Private organizations and individuals have a right to pray on public property.
That’s what First Liberty is contending in a lawsuit on behalf of Cambridge Christian School (CCS) of Tampa, Florida.
Filed Tuesday, the lawsuit challenges a ban that prevented CCS and its opponent from opening their state football championship game with a prayer over a loudspeaker last December.
The Florida High School Athletic Association (FHSAA) denied the schools’ request to open their championship game with a prayer over the loudspeaker because they claimed it would violate the Establishment Clause of the First Amendment to the U.S. Constitution.
How would a prayer shared between two private, Christian schools violate the Constitution? Because the game took place at Camping World Stadium (formerly known as the “Citrus Bowl”)—and prayer on public property is illegal. At least, that’s what FHSAA said.
But according to First Liberty attorneys, that notion is ludicrous.
“Private speech of religious individuals in this country is protected by the Constitution of the United States,” said Jeremy Dys, First Liberty Senior Counsel.
“Just because a prayer occurs on public property, it doesn’t mean that’s the prayer of the state,” he added. “Their incorrect view of the law would mean it would be illegal for any citizen to pray in a public park or to engage in religious expression on a sidewalk or street. That’s ridiculous.”
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CCS’s faith-based focus is evident in the school’s mission statement:
“To glorify God in all that we do; to demonstrate excellence at every level of academic, athletic and artistic involvement; to develop strength of character; and to serve the local and global community.”
So it wasn’t out of the ordinary for the CCS Lancers and their 2015 State Championship football opponents (another Christian school) to agree to pray over the loudspeaker before kick-off. In fact, praying before kick-off is a custom for both schools—and has been for decades.
“Prayer plays a vital role at Cambridge Christian School,” said Tim Euler, CCS Head of School. “One of the things we have done for over 50 years now is start every athletic event, practice, class with prayer.”
To ensure that this prayer would take place, leaders from the two schools asked the FHSAA to use the public address system of Camping World Stadium to pray over the loudspeaker before the game. But the association denied the request solely because the proposed speech was religious.
In addition to their false claim that prayer on public property was illegal, the FHSAA claimed that as a “State Actor” hosting and coordinating the event, it could not “legally permit or grant permission for such an activity.”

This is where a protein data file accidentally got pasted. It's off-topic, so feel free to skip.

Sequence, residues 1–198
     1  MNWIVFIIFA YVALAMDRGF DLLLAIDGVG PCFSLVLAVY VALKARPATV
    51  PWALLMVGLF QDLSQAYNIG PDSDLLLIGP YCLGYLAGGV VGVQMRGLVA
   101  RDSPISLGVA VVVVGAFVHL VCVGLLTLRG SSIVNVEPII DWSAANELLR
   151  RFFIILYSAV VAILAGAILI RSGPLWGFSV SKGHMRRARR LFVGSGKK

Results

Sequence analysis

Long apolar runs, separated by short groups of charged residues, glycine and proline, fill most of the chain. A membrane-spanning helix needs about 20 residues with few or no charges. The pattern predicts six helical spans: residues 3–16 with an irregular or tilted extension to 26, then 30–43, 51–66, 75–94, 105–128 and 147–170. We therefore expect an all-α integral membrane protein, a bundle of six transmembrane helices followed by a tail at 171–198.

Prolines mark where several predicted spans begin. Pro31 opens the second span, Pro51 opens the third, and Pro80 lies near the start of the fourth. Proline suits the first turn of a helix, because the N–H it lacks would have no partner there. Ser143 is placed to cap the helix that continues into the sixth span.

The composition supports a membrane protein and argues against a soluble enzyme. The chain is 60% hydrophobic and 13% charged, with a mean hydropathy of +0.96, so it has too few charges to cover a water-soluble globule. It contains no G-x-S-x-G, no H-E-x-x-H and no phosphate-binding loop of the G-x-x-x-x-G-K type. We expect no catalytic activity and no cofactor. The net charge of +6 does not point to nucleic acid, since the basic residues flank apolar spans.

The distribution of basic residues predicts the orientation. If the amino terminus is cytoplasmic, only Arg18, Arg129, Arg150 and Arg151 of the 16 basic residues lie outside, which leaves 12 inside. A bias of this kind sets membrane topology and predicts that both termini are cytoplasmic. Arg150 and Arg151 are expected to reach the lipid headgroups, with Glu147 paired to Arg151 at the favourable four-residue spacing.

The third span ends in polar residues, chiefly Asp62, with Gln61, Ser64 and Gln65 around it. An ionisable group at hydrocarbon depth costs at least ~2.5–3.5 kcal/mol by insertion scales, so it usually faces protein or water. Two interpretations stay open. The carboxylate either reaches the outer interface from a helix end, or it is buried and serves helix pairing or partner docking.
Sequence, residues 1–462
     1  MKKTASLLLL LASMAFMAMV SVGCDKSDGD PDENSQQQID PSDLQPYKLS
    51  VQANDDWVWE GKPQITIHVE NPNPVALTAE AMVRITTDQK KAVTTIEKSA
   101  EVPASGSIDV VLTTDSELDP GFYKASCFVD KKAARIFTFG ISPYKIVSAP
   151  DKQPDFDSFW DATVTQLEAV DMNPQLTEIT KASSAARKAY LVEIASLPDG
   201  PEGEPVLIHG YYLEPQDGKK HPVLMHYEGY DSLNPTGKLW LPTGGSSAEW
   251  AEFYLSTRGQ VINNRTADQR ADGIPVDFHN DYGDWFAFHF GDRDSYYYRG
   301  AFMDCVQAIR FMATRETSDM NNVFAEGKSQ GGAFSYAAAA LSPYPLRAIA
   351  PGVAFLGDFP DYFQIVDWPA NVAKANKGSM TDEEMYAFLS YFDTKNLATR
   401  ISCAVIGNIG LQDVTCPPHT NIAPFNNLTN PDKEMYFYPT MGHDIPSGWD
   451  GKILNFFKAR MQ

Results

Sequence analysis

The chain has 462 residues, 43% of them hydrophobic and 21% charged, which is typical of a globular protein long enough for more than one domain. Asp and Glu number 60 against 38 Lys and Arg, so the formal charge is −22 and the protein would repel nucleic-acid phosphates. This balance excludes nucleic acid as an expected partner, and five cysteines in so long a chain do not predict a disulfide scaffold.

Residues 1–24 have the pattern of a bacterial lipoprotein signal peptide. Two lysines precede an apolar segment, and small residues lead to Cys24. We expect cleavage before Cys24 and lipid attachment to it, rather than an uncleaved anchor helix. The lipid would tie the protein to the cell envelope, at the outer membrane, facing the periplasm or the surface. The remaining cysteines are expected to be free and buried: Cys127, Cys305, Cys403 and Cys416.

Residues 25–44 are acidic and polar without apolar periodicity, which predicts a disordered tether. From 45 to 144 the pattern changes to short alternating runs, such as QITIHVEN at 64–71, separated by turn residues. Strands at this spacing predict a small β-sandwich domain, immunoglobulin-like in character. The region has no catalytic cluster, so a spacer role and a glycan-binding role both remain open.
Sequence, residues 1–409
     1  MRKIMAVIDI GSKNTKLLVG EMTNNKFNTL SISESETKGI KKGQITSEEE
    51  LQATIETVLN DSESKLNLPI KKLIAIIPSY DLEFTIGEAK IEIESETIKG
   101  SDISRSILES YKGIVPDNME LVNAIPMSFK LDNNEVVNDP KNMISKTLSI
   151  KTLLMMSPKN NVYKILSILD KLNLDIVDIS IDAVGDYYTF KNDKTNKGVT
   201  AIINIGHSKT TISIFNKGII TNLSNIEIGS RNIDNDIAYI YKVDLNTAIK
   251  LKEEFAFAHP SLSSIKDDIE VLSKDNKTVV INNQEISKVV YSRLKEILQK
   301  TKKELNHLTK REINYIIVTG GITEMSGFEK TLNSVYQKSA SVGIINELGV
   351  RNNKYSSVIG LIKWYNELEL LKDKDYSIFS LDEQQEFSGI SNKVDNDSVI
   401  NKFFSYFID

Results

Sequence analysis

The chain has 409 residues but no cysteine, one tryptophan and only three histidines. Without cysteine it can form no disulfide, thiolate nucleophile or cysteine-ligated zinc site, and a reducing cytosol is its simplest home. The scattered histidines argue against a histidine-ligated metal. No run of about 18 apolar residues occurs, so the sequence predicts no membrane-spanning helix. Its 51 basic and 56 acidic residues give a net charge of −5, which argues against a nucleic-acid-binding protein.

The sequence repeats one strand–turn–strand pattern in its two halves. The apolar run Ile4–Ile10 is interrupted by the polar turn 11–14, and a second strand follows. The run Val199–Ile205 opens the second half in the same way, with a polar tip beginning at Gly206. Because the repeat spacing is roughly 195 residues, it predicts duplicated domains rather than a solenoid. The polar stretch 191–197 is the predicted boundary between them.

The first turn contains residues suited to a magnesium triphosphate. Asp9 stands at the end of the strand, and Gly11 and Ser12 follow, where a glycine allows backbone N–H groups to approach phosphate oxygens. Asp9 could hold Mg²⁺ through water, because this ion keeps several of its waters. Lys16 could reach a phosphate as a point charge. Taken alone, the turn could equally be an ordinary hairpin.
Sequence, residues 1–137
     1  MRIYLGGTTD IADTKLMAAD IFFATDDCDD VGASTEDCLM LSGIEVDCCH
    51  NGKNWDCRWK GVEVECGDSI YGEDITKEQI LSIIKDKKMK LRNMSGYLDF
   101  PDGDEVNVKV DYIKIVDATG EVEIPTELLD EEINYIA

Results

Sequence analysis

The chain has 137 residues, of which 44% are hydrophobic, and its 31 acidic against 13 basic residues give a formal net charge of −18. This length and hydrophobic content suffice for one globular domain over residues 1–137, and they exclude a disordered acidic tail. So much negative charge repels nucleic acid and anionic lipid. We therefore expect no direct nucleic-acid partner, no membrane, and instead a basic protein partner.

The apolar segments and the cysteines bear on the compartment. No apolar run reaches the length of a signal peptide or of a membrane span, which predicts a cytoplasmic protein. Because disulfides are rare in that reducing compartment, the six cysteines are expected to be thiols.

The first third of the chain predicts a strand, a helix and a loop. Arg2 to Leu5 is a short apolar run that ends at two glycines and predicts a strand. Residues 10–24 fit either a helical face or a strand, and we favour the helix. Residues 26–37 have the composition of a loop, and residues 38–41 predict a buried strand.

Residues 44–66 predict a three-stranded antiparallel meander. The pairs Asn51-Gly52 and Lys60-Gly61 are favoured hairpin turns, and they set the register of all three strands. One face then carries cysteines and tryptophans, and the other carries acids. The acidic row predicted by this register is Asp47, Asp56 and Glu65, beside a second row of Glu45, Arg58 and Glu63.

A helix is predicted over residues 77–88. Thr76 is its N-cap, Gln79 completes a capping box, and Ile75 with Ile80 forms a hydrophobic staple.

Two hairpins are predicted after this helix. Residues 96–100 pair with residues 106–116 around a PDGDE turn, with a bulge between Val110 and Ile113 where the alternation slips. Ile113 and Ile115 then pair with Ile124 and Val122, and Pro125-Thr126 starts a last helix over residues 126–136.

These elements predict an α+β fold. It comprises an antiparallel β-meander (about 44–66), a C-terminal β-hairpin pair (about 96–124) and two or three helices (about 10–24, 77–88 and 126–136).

The championship game was held on December 4, 2015. But for the first time that season, no one prayed over the loudspeaker prior to kickoff.
That wasn’t the final buzzer for Cambridge Christian School. Their fight was just beginning.
“I have to teach these young men and our young ladies who are student athletes that defending their faith is vital to every day life,” Euler said. “And if we decided not to stand up for what we believe is important to us, then how could I ask them to do the same thing?”
CCS retained First Liberty Institute as legal counsel, and on January 26, 2016, First Liberty sent a demand letter to FHSAA.
The demand letter argued that FHSAA violated CCS’s rights as a religious institution, and that allowing two private, Christian schools to pray over the loudspeaker at their championship game in no way violated the Establishment Clause of the Constitution’s First Amendment.
First Liberty Institute demanded that that the FHSAA issue a written apology to CCS and promise to abide by the U.S. Constitution in the future, permitting prayer according to the First Amendment.
“By banning their customary pre-game prayer, the FHSAA prohibited the students and teacher’s free exercise of religion,” said Hiram Sasser, Deputy Chief Counsel for First Liberty, adding that banning prayer over the loudspeaker sends a message to students that prayer is wrong and that they should be ashamed of it.
“That is dangerous and unconstitutional,” he said.
But the FHSAA persisted in their claim, inviting further action from First Liberty on behalf of CCS.
First Liberty attorneys, along with concerned parents and teachers, appeared at a FHSAA board meeting on Monday asking the FHSAA to adopt a content neutral policy to respect religious freedom. But the FHSAA still declined to take action.
On Tuesday, September 27, 2016, First Liberty Institute and volunteer lawyers from the international law firm of Greenberg Traurig filed a lawsuit against the FHSAA.
“If the government can stop Christian students from praying at Camping World Stadium, what’s to stop them for banning students from praying at the flag pole?” Sasser said. “We are committed to restoring the rights of these students—and all students in the State of Florida—to pray without government censorship.”
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